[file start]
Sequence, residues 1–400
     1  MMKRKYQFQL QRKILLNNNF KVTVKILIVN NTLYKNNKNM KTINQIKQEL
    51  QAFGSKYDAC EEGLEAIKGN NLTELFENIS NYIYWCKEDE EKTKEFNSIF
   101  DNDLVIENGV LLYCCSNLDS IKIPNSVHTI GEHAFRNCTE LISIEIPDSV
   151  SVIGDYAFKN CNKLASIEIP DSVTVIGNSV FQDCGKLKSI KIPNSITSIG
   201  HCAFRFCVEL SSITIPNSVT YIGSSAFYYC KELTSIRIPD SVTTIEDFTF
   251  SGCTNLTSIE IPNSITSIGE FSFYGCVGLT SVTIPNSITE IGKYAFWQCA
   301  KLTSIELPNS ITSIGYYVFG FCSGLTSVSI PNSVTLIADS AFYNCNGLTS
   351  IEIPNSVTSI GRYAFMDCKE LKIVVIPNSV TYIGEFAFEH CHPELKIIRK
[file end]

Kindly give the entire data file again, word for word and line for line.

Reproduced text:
Sequence, residues 1–400
     1  MMKRKYQFQL QRKILLNNNF KVTVKILIVN NTLYKNNKNM KTINQIKQEL
    51  QAFGSKYDAC EEGLEAIKGN NLTELFENIS NYIYWCKEDE EKTKEFNSIF
   101  DNDLVIENGV LLYCCSNLDS IKIPNSVHTI GEHAFRNCTE LISIEIPDSV
   151  SVIGDYAFKN CNKLASIEIP DSVTVIGNSV FQDCGKLKSI KIPNSITSIG
   201  HCAFRFCVEL SSITIPNSVT YIGSSAFYYC KELTSIRIPD SVTTIEDFTF
   251  SGCTNLTSIE IPNSITSIGE FSFYGCVGLT SVTIPNSITE IGKYAFWQCA
   301  KLTSIELPNS ITSIGYYVFG FCSGLTSVSI PNSVTLIADS AFYNCNGLTS
   351  IEIPNSVTSI GRYAFMDCKE LKIVVIPNSV TYIGEFAFEH CHPELKIIRK